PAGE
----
5. The method according to claim 1 further comprising a step of performing a medical procedure on the targeted nerve root including accessing the targeted nerve root with the distal tip of the catheter device.
6. The method according to claim 1 wherein the step of positioning includes buttressing the catheter device against a wall of the spinal canal generally opposing the target nerve root.
7. The method of claim 1 wherein the step of advancing comprises advancing the distal region from the sacral hiatus to at least as far as a L4 vertebra.
8. A method of treating a human or animal patient, comprising:
providing a catheter device, sized to be placed in an epidural space of a spinal canal of a human or animal patient, the catheter device having a distal region with a pre-formed configuration including at least one curve, a distal tip, and a lumen extending from a proximal region of the catheter device to the distal region, the lumen being sized to accommodate a guidewire;
introducing the catheter device into the spinal canal of the patient, the catheter device being introduced while in a relatively straight configuration obtained by having a guidewire located within the lumen;
advancing the catheter device anterogradely along an epidural space of the spinal canal of the patient to a site such that the distal region of the catheter device is disposed adjacent a targeted nerve root; and
positioning the distal tip of the catheter device in proximity to the targeted nerve root by withdrawing the guidewire from the catheter device lumen so that the distal region of the catheter device assumes its pre-formed configuration.
9. The method according to claim 8 wherein the pre-formed configuration includes a primary curve of at least about 90 degrees.
10. The method according to claim 8 wherein the pre-formed configuration of the distal region of the catheter device includes a primary curve and a secondary curve.
11. The method according to claim 8 further comprising a step of introducing an active agent from the distal tip of the catheter device into the targeted nerve root.
12. The method according to claim 8 wherein the step of positioning includes buttressing the catheter device against a wall of the spinal canal generally opposing the targeted nerve root.
13. The method of claim 8 wherein the step of advancing comprises advancing the distal region from the sacral hiatus to at least as far as a L4 vertebra.
US10/692,021 2000-03-20 2003-10-23 Epidural nerve root access catheter and treatment methods Expired - Fee Related US7181289B2 (en)

Priority Applications (3)

Application Number Priority Date Filing Date Title
US19076000P true 2000-03-20 2000-03-20
US81306701A true 2001-03-20 2001-03-20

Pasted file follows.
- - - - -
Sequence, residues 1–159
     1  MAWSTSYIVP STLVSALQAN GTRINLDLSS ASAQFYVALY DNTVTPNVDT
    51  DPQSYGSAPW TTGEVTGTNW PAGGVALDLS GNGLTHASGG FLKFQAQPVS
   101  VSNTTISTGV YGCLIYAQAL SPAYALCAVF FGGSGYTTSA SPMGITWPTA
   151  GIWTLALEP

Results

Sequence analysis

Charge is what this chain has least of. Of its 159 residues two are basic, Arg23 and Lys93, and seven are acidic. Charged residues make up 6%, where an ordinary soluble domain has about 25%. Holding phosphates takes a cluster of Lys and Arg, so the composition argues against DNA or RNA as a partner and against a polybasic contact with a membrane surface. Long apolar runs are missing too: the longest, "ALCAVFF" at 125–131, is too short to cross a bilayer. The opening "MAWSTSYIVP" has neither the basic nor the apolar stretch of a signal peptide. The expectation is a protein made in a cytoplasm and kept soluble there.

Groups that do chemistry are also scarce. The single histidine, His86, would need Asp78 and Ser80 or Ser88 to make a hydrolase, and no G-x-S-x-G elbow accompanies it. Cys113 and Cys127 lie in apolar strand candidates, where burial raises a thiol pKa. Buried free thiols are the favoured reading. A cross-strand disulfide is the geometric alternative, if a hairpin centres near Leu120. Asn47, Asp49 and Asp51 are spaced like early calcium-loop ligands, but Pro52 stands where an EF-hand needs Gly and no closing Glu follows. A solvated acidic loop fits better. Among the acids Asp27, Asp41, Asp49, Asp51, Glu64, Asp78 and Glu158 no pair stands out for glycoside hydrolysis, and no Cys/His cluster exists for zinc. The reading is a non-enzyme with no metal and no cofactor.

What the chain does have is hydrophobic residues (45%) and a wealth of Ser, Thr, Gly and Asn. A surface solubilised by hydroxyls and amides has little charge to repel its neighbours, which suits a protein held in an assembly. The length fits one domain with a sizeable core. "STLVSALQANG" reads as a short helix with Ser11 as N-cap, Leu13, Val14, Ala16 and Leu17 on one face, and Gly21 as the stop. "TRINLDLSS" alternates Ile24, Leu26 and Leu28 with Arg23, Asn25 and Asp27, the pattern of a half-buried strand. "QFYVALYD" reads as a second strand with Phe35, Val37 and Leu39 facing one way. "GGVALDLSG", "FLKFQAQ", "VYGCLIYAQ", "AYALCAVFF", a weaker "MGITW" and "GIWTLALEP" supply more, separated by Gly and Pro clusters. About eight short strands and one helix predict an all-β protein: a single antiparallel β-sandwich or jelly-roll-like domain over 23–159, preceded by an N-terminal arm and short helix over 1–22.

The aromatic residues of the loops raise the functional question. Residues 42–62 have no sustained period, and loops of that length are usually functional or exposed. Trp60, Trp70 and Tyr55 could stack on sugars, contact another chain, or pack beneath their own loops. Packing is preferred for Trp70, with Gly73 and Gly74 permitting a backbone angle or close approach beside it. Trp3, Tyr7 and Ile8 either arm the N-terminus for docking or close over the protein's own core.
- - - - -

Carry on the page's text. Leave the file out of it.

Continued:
US10/692,021 US7181289B2 (en) 2000-03-20 2003-10-23 Epidural nerve root access catheter and treatment methods

Applications Claiming Priority (1)

Application Number Priority Date Filing Date Title
US10/692,021 US7181289B2 (en) 2000-03-20 2003-10-23 Epidural nerve root access catheter and treatment methods

Related Parent Applications (1)

Application Number Title Priority Date Filing Date
US81306701A Continuation-In-Part 2001-03-20 2001-03-20

Publications (2)

Publication Number Publication Date
US20050060006A1 US20050060006A1 (en) 2005-03-17
US7181289B2 true US7181289B2 (en) 2007-02-20

Family

ID=34278026

Family Applications (1)

Application Number Title Priority Date Filing Date
US10/692,021 Expired - Fee Related US7181289B2 (en) 2000-03-20 2003-10-23 Epidural nerve root access catheter and treatment methods

Country Status (1)

Country Link
US (1) US7181289B2 (en)

Cited By (44)

* Cited by examiner, † Cited by third party
Publication number Priority date Publication date Assignee Title
US20060036211A1 (en) * 2004-07-29 2006-02-16 X-Sten, Inc. Spinal ligament modification kit
US20070027464A1 (en) * 2005-07-29 2007-02-01 X-Sten, Corp. Device for resecting spinal tissue
US20070276390A1 (en) * 2006-05-09 2007-11-29 X-Sten, Inc. Ipsilateral Approach to Minimally Invasive Ligament Decompression Procedure
US20080140153A1 (en) * 2006-12-06 2008-06-12 Spinal Modulation, Inc. Expandable stimulation leads and methods of use
US20080140169A1 (en) * 2006-12-06 2008-06-12 Spinal Modulation, Inc. Delivery devices, systems and methods for stimulating nerve tissue on multiple spinal levels
US20080147156A1 (en) * 2006-12-06 2008-06-19 Spinal Modulation, Inc. Grouped leads for spinal stimulation
US20080167698A1 (en) * 2004-09-08 2008-07-10 Spinal Modulation, Inc. Neurostimulation system
US20080183192A1 (en) * 2007-01-26 2008-07-31 Laurimed Llc Contralateral insertion method to treat herniation with device using visualization components
US20080188827A1 (en) * 2007-02-01 2008-08-07 Laurimed, Llc Methods and devices for treating tissue
US20080221383A1 (en) * 2007-02-12 2008-09-11 Vertos Medical, Inc. Tissue excision devices and methods
US20090118709A1 (en) * 2007-11-06 2009-05-07 Vertos Medical, Inc. A Delaware Corporation Tissue Excision Tool, Kits and Methods of Using the Same
US20090259126A1 (en) * 2008-04-02 2009-10-15 Laurimed, Llc Methods and devices for delivering injections